Thank you for READING.
In a world of what seems like constant communications, so few people seem to do it well and so many seem to be devoid of the benefit that reading can so easily provide. I recently happened across a wonderful piece by my dear friend and ardent reader and writer, Justice Bill Cunningham (a most extraordinary example of an elected official with an obvious reading history that informs his oratory). In his essay he quoted Abraham Lincoln from his first inaugural address.
"We’re not enemies, but friends. We must not be enemies. Though passion may have strained it must not break our bonds of affection. The mystic chords of memory, stretching from every battlefield and patriot grave to every living heart and hearthstone all over this broad land, will yet swell the chorus of the Union, when again touched, as surely they will be, by the better angels of our nature."
He followed with, “This eloquence almost takes your breath away. Today I can’t help but think of the terrible rancor and division that shakes our political landscape in America. I can’t help but think of the coarse, vulgar, and meaningless language of our presidential debates in tone and words.”
Read this. Almost 34% of high school graduates never read a book after graduation. After college that number goes to 42%. In Arizona when the state forecasts how many prison beds they will need, they look to the number of kids in 4th grade who read well. The number one cause of divorce is poor communication. And the number one predictor of occupational success is vocabulary.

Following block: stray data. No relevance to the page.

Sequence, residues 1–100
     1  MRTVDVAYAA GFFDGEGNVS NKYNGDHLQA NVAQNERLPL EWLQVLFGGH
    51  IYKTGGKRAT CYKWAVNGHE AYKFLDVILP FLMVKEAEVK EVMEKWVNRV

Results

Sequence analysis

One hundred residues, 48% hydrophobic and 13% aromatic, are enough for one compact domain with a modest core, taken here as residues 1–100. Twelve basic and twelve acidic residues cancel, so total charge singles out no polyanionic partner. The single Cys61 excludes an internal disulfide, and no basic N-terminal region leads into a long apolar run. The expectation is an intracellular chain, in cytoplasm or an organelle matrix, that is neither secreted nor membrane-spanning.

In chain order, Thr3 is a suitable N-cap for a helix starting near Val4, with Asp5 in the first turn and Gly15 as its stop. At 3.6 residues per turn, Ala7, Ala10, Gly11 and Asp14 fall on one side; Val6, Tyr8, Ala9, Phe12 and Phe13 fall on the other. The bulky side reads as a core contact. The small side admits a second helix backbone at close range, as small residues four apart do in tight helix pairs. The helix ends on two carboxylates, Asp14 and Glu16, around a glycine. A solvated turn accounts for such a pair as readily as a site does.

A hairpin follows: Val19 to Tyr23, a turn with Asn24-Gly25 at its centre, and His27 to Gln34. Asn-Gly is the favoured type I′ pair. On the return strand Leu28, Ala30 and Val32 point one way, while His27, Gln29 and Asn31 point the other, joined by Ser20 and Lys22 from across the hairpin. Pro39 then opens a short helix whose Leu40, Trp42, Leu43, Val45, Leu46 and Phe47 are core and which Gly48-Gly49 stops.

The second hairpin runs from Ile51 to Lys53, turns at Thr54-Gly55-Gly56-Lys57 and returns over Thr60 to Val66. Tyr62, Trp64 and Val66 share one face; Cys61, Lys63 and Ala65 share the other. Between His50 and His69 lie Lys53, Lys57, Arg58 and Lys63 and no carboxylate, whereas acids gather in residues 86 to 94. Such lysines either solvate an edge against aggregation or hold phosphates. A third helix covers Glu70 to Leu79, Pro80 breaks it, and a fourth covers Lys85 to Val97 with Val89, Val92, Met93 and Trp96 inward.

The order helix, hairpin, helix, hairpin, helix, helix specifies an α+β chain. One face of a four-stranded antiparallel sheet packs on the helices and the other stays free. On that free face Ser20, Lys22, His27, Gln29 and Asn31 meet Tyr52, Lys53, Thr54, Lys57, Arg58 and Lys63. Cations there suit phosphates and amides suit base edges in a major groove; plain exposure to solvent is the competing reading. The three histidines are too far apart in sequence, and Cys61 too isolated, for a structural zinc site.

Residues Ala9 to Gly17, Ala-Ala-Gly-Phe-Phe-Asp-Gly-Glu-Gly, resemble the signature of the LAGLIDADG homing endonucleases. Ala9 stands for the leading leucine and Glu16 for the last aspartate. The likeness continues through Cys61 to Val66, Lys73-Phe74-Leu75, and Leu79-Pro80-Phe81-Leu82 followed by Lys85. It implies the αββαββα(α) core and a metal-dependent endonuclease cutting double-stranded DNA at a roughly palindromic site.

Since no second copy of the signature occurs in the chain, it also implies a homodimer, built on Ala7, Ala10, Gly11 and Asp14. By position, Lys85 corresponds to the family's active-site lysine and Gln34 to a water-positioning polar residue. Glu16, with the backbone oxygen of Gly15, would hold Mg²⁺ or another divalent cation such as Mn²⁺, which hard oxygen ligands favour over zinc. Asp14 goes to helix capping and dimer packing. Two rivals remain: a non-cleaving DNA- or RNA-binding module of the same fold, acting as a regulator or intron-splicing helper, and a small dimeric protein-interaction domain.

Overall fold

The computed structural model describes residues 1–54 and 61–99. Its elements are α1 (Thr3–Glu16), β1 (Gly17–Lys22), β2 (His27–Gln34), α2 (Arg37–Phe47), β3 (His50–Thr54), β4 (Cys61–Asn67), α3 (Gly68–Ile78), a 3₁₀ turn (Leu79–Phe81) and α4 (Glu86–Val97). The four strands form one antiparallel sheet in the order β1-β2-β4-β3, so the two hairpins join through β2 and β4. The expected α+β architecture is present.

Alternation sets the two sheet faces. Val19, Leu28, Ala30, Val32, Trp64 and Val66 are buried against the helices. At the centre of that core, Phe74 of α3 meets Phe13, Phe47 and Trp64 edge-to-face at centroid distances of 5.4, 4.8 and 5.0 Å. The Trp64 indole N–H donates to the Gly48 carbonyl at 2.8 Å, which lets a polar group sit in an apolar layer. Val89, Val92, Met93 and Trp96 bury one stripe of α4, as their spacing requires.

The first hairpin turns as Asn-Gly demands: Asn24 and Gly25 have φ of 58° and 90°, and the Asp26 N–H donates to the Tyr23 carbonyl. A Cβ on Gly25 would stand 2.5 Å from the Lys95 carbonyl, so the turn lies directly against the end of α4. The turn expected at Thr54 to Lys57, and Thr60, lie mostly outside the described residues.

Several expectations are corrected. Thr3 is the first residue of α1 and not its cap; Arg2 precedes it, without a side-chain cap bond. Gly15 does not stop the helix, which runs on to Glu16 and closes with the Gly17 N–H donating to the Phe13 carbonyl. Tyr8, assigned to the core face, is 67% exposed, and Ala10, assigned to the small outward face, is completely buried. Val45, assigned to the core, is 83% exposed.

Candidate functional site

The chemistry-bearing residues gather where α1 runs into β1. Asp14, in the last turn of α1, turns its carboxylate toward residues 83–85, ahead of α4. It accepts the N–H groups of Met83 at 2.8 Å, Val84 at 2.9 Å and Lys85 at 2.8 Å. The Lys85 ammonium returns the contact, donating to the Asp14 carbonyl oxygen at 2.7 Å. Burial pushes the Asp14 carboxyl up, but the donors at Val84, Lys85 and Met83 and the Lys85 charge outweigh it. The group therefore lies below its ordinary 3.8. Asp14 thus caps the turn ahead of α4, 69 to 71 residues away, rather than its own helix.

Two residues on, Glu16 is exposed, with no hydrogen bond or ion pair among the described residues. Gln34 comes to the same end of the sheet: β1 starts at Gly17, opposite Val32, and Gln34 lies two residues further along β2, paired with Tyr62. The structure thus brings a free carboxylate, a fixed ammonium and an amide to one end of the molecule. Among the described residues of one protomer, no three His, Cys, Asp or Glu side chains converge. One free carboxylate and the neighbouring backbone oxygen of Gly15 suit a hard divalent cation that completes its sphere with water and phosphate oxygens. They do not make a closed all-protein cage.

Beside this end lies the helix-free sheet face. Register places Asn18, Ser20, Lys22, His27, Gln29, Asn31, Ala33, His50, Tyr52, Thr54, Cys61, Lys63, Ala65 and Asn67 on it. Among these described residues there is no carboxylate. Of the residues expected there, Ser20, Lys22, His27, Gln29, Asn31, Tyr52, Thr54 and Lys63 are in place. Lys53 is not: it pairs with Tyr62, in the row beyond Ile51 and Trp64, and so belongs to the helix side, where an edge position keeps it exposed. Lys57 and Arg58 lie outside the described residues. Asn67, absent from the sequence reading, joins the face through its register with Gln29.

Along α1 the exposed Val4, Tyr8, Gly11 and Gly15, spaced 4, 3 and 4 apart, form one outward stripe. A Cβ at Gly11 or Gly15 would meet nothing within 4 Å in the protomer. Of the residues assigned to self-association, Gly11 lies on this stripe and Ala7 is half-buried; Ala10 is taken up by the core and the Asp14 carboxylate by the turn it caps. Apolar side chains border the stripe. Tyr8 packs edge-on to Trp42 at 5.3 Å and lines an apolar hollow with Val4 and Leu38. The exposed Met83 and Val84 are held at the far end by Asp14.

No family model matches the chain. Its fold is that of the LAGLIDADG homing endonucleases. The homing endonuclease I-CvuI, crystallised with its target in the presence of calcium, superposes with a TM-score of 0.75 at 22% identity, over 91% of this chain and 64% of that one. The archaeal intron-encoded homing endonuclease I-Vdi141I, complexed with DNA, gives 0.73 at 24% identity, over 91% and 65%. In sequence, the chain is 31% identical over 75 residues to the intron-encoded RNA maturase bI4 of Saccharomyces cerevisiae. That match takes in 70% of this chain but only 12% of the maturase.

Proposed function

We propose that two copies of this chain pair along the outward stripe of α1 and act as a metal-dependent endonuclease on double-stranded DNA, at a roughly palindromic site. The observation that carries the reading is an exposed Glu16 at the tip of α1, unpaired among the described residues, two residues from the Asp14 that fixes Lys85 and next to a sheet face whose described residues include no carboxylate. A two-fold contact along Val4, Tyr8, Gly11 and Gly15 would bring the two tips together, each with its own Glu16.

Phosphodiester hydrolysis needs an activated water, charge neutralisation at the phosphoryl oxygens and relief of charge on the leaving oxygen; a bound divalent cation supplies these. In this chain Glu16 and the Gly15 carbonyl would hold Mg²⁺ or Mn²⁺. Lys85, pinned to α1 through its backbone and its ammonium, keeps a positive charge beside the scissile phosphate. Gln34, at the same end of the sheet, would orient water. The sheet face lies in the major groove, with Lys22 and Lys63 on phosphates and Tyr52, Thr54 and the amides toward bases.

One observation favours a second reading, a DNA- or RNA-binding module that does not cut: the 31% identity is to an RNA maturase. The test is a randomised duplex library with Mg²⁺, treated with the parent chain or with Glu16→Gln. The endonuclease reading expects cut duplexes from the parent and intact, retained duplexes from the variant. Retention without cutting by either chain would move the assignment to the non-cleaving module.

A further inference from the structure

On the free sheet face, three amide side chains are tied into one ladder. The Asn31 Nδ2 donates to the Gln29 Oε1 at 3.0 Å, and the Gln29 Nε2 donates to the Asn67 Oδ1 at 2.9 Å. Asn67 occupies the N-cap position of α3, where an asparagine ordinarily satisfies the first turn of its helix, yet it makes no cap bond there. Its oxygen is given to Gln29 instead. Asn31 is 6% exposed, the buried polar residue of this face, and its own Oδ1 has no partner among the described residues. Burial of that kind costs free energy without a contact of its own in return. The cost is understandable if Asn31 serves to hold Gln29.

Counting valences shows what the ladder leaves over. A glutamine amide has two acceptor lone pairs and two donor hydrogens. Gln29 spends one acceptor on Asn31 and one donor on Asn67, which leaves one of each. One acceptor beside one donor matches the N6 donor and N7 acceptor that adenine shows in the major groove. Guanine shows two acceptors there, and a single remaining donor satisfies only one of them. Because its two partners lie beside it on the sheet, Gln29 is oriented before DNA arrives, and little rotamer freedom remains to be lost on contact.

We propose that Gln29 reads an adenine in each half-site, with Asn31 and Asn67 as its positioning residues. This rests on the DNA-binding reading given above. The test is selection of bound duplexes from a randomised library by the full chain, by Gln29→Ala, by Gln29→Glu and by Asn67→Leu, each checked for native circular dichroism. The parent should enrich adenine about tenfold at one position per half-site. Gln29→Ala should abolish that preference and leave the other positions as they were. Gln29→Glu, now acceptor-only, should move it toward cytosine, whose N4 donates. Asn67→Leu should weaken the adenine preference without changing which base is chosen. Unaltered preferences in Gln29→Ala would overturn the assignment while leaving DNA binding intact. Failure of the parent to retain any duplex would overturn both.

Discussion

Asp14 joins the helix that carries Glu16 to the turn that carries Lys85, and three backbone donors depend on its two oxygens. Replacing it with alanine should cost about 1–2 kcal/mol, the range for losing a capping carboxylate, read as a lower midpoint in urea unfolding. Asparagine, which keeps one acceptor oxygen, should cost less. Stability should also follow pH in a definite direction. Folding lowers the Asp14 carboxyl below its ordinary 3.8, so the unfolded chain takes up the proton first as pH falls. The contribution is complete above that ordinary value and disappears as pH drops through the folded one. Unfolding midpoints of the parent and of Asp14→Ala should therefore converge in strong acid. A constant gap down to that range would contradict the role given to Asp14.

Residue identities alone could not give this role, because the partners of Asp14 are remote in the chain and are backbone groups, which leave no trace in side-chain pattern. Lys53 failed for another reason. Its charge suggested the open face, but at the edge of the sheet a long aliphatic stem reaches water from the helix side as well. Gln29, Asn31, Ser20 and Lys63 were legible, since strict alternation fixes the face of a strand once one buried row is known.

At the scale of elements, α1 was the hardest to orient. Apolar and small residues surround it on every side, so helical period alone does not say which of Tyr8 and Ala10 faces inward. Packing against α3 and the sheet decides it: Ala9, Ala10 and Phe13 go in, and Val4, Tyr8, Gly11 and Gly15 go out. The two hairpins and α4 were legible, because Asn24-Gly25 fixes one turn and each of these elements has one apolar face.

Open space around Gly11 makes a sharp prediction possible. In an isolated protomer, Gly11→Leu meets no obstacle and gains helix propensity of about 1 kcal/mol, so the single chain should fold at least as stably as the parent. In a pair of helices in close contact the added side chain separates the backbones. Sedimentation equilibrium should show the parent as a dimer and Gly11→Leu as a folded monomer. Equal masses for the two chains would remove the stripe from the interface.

So dear readers, PLEASE keep READING. Read personal narratives, read biographies, read Doris Kearns Goodwin and Dr. Suess. Read Louisa May Alcott and Leon Uris. Read science fiction and poetry. Read PADUCAH LIFE Magazine. Reading can take you to places that time and money and reality sometimes prohibit—like civil war Atlanta, Narnia, ancient Egypt, the old west, the Sierra Mountains, Jurassic Park, or PADUCAH! In this edition alone you’ll travel to Rwanda, the racetrack, fields of daffodils, into the night sky, to the movies, and to days gone by.
Reading and cultivating a strong vocabulary allows us to do the thing that 50+ years of social science tells us is the key to wellbeing—making meaningful connections to others. The strength of our connection greatly depends on the quality of our language. It hinges on our very WORDS. Language allows for that potent defining moment between friends when we understand and are understood.
The very best of LIFE can be found by continuously turning the page. All the best (reading) from all of us at PADUCAH LIFE Magazine.